A U.S. District Court judge will hear arguments June 19 in a lawsuit filed by Gov. Rick Scott against the federal government in a dispute about the Low Income Pool health-funding program.

Chief U.S. District Judge M. Casey Rodgers issued an order Thursday scheduling the hearing on Scott's motion for a preliminary injunction in the case.

FL Groups To Back Feds In LIP Lawsuit

Jun 3, 2015

A federal judge this week agreed to allow the League of Women Voters of Florida, Florida Legal Services and Florida CHAIN to file a brief supporting the Obama administration in a lawsuit filed by Gov. Rick Scott about major health care issues.

Chief U.S. District Judge M. Casey Rodgers issued an order Tuesday granting the groups' joint request to file the brief. Scott's lawsuit has sought to prevent federal officials from linking an extension of the Low Income Pool, or LIP, health-funding program to a potential expansion of Medicaid.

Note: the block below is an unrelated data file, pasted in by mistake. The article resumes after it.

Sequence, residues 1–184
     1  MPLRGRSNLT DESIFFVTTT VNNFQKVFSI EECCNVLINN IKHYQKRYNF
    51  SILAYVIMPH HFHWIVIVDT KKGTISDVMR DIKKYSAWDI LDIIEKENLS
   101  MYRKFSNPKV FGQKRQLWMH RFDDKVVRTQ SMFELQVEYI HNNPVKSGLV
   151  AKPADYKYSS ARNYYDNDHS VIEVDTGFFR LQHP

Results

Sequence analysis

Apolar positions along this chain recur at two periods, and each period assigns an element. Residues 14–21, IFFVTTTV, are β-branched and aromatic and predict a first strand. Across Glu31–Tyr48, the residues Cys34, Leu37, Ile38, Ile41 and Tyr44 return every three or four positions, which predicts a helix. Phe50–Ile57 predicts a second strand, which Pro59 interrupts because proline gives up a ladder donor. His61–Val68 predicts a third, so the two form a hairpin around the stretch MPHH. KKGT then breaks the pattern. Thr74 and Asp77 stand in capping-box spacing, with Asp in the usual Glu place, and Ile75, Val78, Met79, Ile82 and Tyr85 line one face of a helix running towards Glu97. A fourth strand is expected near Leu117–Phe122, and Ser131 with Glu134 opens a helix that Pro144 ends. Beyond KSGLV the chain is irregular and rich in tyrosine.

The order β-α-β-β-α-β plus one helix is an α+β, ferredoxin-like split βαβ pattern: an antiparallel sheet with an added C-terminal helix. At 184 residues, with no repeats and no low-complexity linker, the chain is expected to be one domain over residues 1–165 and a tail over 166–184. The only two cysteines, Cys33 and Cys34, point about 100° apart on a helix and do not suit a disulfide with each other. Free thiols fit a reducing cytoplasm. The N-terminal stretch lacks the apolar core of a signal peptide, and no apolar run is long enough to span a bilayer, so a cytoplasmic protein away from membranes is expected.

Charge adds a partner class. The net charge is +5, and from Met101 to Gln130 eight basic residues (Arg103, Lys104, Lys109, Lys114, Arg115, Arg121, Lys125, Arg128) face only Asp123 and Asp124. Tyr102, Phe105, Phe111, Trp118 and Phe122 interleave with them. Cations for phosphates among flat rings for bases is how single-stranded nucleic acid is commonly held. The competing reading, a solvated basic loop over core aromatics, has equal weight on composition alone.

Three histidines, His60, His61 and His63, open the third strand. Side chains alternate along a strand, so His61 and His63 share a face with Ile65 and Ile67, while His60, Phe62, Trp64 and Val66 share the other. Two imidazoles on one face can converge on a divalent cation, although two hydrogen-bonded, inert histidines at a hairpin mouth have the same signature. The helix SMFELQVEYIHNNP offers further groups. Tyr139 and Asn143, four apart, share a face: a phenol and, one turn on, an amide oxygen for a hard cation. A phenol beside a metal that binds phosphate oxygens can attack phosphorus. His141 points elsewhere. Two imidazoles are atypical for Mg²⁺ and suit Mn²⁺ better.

Feds Take Aim at Gov. Scott's LIP Lawsuit

Jun 2, 2015

Describing the state's arguments as "baseless," federal officials this week fired back in court against Gov. Rick Scott's contention that the Obama administration has unconstitutionally tried to link expanding Medicaid with the continuation of a key health-care funding program.

Abe Aboraya / WMFE

Gov. Rick Scott’s hospital commission, tasked with looking at how taxpayer dollars are used to support health care for the poor, discussed performance funding for hospitals at a meeting Tuesday in Orlando.

The nine-member group delved through detailed hospital statistics, and started brainstorming ideas for how to reform hospital payments.

Tom Kuntz, a former chairman of SunTrust, helped build performance funding metrics for Florida’s university system. Kuntz says the hospital commission could look at a similar system for hospitals.